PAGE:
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UVA Health joins nationwide study examining ivermectin as COVID-19 treatment

  The University of Virginia Health System has joined a nationwide clinical study to evaluate ivermectin and fluvoxamine as possible treatme...

 The University of Virginia Health System has joined a nationwide clinical study to evaluate ivermectin and fluvoxamine as possible treatments for mild-to-moderate COVID-19.

The study, called ACTIV-6, is funded by the National Institutes of Health and seeks to determine whether cheap, widely available, and FDA-approved drugs can be repurposed to treat the coronavirus. Researchers are testing several medications including ivermectin, an anti-parasitic drug that some claim is an effective early treatment or prophylaxis for COVID-19.

The FDA has repeatedly warned against using ivermectin as a COVID-19 therapeutic, along with the World Health Organization, the European Union's drug regulators, and the drug's manufacturer Merck. But some doctors in the U.S. and medical freedom advocates have demanded a right to try ivermectin and other unproven drugs to treat COVID-19, claiming some coronavirus patients have shown improvement after taking those off-label medications.

Patrick E. H. Jackson, MD, the principal investigator for the ACTIV-6 clinical trial at UVA Health, is hopeful that the study will provide "conclusive answers about drugs like ivermectin and fluvoxamine for the treatment of mild-moderate COVID-19."

"While the monoclonal antibodies and nirmatrelvir-ritonavir (Paxlovid) are wonderful to have, there is a clear need for more (and more broadly available) drugs to help patients around the world," Jackson told TheBlaze.

He explained that the ACTIV6 study includes participants who have mild to moderate COVID-19 symptoms and who are within seven days of the onset of symptoms. The study is a double-blind placebo controlled trial. COVID-19 Patients will be given a random drug or a placebo and researchers will collect information from them on the duration of their symptoms, as well as whether they are required to go to the hospital.

Most of the participants will be at home and will complete questionnaires to report their condition.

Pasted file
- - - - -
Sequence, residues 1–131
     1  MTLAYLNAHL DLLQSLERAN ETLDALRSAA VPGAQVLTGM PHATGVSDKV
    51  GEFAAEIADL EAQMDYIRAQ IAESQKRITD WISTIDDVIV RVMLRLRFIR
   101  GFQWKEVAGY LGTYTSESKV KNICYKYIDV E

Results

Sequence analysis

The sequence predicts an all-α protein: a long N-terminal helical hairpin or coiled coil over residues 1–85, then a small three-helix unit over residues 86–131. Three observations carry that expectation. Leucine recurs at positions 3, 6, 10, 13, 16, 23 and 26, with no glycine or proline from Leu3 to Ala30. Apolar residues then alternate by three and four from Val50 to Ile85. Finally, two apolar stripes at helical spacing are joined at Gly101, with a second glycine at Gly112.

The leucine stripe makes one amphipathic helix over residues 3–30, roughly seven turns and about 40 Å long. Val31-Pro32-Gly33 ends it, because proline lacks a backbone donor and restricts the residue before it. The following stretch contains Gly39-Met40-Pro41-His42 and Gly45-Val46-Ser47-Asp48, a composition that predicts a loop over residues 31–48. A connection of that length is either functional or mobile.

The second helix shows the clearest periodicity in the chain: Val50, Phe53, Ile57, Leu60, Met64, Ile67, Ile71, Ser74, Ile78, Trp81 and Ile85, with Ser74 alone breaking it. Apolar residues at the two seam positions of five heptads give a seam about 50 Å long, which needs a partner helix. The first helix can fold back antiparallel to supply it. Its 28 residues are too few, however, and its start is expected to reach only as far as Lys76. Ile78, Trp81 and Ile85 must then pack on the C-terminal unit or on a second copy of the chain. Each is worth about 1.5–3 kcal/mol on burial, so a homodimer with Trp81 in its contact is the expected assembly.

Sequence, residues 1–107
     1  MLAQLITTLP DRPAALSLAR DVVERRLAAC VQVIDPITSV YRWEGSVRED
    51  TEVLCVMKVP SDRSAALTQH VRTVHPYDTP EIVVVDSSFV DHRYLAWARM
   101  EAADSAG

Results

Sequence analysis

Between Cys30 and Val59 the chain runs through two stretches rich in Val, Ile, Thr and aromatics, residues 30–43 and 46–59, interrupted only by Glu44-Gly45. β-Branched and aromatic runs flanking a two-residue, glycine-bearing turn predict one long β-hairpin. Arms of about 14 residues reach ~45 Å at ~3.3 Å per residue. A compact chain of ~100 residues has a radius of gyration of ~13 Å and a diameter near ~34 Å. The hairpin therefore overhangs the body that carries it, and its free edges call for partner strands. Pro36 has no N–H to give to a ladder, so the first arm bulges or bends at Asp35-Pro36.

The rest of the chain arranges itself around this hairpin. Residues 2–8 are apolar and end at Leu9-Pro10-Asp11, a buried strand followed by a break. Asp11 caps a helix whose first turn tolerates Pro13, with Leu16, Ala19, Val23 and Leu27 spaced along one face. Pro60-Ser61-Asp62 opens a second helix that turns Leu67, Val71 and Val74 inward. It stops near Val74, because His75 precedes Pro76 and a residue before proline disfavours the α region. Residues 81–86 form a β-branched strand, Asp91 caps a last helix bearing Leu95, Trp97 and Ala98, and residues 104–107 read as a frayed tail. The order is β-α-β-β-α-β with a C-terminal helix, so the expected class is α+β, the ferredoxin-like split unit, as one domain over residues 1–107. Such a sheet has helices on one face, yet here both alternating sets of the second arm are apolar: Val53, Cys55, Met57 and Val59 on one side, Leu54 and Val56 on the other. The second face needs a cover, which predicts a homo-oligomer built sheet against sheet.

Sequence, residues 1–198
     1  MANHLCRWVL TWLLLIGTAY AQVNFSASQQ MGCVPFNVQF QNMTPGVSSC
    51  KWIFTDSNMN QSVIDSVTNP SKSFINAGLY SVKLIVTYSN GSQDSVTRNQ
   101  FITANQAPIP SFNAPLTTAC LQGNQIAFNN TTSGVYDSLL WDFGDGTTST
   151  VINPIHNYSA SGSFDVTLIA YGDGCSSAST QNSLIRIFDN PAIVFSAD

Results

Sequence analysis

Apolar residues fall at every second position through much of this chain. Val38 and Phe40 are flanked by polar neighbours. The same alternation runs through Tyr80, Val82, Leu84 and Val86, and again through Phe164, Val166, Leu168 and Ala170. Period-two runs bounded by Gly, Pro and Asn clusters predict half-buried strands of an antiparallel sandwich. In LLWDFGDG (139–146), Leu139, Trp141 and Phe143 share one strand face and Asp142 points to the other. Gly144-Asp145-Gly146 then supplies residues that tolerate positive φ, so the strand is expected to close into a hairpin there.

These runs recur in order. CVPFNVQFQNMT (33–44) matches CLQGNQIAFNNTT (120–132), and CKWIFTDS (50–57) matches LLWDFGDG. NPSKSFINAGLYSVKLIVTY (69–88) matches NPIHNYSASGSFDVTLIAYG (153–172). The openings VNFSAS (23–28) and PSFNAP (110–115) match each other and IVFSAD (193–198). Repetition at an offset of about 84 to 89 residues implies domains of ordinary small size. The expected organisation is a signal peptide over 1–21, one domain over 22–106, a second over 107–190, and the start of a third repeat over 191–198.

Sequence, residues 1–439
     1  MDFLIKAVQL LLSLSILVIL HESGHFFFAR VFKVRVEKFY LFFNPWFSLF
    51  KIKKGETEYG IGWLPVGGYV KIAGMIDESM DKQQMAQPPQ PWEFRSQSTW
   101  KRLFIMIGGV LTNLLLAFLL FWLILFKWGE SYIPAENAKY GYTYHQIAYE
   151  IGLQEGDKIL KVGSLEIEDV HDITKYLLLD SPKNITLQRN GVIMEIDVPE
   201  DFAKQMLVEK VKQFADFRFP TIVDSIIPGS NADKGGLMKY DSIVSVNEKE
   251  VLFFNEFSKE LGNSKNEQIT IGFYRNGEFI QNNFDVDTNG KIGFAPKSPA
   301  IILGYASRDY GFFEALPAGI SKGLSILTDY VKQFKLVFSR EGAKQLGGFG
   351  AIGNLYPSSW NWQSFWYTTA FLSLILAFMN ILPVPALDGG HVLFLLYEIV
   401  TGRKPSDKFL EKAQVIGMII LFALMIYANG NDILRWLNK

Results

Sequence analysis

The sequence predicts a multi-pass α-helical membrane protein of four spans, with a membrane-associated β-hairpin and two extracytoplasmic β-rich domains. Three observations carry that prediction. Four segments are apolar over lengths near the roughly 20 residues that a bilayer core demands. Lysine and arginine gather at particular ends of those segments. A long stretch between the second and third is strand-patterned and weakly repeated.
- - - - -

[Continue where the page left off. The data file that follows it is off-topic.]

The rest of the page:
Previous studies examining ivermectin as a COVID-19 treatment have failed to prove it is an effective treatment. While laboratory studies show that ivermectin appears to have an anti-viral effect against COVID-19 and some early clinical trials seemed to support its use as a COVID-19 treatment, doctors and public health experts have identified serious errors in methodology in many of those studies.

An investigative report by the BBC found that more than a third of 26 major trials with ivermectin against COVID-19 had "serious errors or signs of potential fraud," and that the remaining studies did not show it was effective as a treatment for COVID.

More widely accepted studies do not support the use of ivermectin for patients with COVID-19.

Some proponents of ivermectin as a COVID-19 treatment have championed a more recent peer-reviewed study that concluded "regular use of ivermectin as a prophylactic agent was associated with significantly reduced COVID-19 infection, hospitalization, and mortality rates," based on an observational study of 159,561 residents ages 18 and over in Itaja√≠, Brazil.

A group called the Front Line COVID-19 Critical Care Alliance touted the study as the "world's largest study of ivermectin."

According to the study's authors, between July 7, 2020, and Dec. 2, 2020, 113,845 participants of a citywide program opted to take ivermectin while 45,716 did not. Researchers found that 3.7% of the group that took ivermectin tested positive for coronavirus while 6.6% of those that didn't take ivermectin tested positive.

The study's authors claimed that after adjusting for variables, there was a 67% reduction in COVID-19 hospitalizations and a 70% reduction in the mortality rate for ivermectin users.

Though those results appear to be good news, experts that did not participate in the study criticized its methodology.

Dr. Jackson noted that the Brazil study was a non-randomized observational study. "Such studies can really only ever be hypothesis generating - that is they can raise interesting questions to be studied further, but can't show a causal relationship between an intervention and an outcome (in that case, ivermectin and COVID infection/hospitalization/mortality)," he said.

"I'm very hopeful that trials like ACTIV6 and COVID-OUT will give us conclusive answers about drugs like ivermectin and fluvoxamine for the treatment of mild-moderate COVID-19," he added.

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